When we were young, it was all about perfect attendance pins, achievements, and all those little check marks on our weekly reporting at Sunday School. We learned quickly that we could measure a person’s spirituality, thus their worth as an individual, by how many gold stars they had beside their name.

When we got older, the exercise continued, now measured by different gold stars. Volunteer, serve, give, teach Bible study class, lead the choir, chaperone the youth group, chair the Stewardship Committee; and the leadership and congregation will sing your praises. But the second you relent, the moment you acknowledge your exhaustion, that you just can’t keep up, then that familiar conditional approval will rear its ugly head.

Conditioned like this, when Jesus shows up and says, “If you’re tired I can help with a little grace,” we just can’t believe it. Yet, that’s exactly what Jesus said when he showed up! With words that make most type-A congregational leaders cringe, Jesus said, “Come to me, all you who are weary and burdened, and I will give you rest.”
Eugene Peterson’s translation of those words is more pointed: “Are you tired? Worn out? Burned out on religion? Come to me. Get away with me and you'll recover your life. Walk with me...watch how I do it. Learn the unforced rhythms of grace.”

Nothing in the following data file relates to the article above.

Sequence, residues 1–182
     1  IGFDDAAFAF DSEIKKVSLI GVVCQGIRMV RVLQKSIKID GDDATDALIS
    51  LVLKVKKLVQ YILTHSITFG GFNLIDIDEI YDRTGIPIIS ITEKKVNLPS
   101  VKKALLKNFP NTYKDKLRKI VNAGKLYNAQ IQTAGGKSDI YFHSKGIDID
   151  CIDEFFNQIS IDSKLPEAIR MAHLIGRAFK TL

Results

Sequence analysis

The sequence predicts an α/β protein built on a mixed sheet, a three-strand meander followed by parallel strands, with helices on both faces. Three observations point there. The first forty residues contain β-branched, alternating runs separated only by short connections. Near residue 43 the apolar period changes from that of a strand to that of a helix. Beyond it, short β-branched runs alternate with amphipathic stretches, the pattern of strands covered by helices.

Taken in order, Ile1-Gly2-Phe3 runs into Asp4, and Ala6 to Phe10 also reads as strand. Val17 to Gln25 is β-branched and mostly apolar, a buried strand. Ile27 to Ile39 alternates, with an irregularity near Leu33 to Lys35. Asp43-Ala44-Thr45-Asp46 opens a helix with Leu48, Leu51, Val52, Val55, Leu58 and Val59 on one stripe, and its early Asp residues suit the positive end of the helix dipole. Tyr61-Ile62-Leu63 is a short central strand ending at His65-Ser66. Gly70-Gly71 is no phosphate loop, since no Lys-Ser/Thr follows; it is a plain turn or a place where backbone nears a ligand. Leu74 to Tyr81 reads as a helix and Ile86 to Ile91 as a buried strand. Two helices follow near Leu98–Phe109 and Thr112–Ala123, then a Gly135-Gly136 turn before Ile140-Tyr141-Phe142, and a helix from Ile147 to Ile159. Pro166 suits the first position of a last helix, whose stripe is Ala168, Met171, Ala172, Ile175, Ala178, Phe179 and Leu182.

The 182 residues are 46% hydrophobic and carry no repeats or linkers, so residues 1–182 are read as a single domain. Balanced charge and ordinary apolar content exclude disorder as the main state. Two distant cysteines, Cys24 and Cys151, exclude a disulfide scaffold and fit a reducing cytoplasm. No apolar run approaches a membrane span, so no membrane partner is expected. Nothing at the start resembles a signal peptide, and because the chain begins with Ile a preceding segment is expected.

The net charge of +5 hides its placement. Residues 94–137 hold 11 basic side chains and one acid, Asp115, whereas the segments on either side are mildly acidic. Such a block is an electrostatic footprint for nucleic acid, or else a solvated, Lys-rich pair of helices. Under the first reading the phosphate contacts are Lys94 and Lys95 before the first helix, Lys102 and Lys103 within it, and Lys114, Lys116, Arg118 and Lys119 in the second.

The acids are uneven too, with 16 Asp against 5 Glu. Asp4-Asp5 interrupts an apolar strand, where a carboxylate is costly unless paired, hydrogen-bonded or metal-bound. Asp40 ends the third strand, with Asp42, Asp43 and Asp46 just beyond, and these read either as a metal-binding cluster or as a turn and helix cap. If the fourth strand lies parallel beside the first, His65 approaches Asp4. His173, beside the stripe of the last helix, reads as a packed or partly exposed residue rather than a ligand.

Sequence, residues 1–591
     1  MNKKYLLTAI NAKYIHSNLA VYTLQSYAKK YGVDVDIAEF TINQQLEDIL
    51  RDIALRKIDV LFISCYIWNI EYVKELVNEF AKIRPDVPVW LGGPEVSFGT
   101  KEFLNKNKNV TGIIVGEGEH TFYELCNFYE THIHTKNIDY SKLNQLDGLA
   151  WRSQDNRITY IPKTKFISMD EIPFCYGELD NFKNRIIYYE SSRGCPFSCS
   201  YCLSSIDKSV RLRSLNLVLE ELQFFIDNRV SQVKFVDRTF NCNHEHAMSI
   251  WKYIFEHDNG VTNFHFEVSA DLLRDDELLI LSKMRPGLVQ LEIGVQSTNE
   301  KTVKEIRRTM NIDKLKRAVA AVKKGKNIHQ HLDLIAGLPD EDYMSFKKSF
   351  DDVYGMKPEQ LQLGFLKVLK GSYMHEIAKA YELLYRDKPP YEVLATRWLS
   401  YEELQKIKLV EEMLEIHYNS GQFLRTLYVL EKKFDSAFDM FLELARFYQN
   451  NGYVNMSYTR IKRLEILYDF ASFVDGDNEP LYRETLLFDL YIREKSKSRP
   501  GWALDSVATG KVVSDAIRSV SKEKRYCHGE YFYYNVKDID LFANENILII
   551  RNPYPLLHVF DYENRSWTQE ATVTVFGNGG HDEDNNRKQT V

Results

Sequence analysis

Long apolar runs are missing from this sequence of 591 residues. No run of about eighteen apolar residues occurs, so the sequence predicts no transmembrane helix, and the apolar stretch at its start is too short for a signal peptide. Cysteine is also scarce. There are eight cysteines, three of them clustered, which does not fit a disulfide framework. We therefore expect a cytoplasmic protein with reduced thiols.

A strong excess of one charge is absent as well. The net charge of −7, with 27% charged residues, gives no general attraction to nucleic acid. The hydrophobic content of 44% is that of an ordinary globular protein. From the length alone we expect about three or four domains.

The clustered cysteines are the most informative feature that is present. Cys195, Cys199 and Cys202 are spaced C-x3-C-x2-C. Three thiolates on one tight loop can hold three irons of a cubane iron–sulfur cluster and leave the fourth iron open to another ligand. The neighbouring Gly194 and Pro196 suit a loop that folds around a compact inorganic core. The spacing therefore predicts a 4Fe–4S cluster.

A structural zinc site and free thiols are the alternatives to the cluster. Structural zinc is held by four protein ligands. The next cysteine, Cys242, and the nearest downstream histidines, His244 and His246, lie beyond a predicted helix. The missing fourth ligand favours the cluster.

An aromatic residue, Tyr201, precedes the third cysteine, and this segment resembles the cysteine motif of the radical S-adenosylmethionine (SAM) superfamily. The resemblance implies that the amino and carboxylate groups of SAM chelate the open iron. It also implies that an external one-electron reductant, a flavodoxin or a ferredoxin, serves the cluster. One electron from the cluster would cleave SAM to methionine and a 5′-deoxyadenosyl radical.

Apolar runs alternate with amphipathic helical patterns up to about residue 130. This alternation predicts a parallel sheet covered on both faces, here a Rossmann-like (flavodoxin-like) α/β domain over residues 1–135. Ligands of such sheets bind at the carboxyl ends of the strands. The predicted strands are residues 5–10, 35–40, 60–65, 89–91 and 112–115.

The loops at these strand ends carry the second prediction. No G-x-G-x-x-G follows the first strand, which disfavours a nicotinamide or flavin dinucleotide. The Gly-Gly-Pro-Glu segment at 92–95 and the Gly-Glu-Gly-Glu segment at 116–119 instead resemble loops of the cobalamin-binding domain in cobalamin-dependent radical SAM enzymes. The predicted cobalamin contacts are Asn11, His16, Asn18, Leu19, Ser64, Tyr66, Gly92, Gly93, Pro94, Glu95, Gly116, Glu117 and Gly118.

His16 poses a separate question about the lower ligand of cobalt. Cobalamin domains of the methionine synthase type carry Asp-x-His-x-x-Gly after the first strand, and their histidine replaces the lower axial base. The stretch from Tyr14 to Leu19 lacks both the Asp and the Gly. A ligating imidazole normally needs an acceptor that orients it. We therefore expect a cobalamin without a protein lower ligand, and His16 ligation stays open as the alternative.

The unforced rhythms of grace: That is what we religious laborers need, because the people that Jesus most wants to set free are those of us who are eyeballs deep in religious work, we who are religious ergomaniacs. He wants us to see that our religious work really doesn’t work; it works against us.
His invitation is for us to get off of the spiritual hamster wheel and to crawl out from beneath the choking yoke of religious workoholicism, and dance freely to the easy tempo of grace. Grace will teach us to serve God, not to make him like us, but because he already adores us. It will teach us to give up our overachieving and slaving ways, and find peaceful rest for our souls.

Now, if you are happy with doing all your religious work, then please, just keep doing it. If work is your passion, and time spent on the treadmill suits you just fine, then disregard all I have said as useless drivel and carry on.

But if you have had it; if you are sick and tired of being sick and tired; if you’re looking for a way out; if you are desperate for your life to change; if you are finally at the end of yourself and need a rest, have I got good news for you: That is exactly what Jesus offers. Go with him, and he will give you the rest you need.
 
‹ Previous Blog Entry
 

Your Opinions and Comments


Be the first to comment on this story!


You must be logged in to post a comment.




Not a subscriber?
Subscriber, but no password?
Forgot password?

Keeping the Faith Archives


Keeping the Faith bio sidebar
Keeping the Faith sidebar button
Triple R DC ExpertsAllstate & McBride RealtyEast Central Driving SchoolVoncille Bielefeld homeHeavenly Touch home

  Copyright © 2007-2016 Wilson County News. All rights reserved. Web development by Drewa Designs.